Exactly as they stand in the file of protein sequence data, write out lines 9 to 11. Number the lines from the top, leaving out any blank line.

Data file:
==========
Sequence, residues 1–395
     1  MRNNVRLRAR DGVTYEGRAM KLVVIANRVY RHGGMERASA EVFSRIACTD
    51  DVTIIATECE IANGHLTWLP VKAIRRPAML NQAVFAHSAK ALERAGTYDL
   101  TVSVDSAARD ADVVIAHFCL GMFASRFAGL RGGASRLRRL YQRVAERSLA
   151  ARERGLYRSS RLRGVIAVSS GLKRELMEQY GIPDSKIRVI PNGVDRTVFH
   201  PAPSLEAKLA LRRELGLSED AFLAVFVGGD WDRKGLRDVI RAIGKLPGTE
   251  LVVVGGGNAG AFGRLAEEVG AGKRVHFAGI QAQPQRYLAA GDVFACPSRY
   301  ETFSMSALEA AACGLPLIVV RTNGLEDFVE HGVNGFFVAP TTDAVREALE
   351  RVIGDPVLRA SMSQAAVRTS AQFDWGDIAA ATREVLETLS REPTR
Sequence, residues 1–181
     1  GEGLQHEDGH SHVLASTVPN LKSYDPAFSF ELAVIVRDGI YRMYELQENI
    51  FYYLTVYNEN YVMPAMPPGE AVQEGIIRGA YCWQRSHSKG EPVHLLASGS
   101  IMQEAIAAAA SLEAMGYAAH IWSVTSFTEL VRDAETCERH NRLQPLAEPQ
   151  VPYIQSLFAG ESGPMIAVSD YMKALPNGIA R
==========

   351  RVIGDPVLRA SMSQAAVRTS AQFDWGDIAA ATREVLETLS REPTR
Sequence, residues 1–181
     1  GEGLQHEDGH SHVLASTVPN LKSYDPAFSF ELAVIVRDGI YRMYELQENI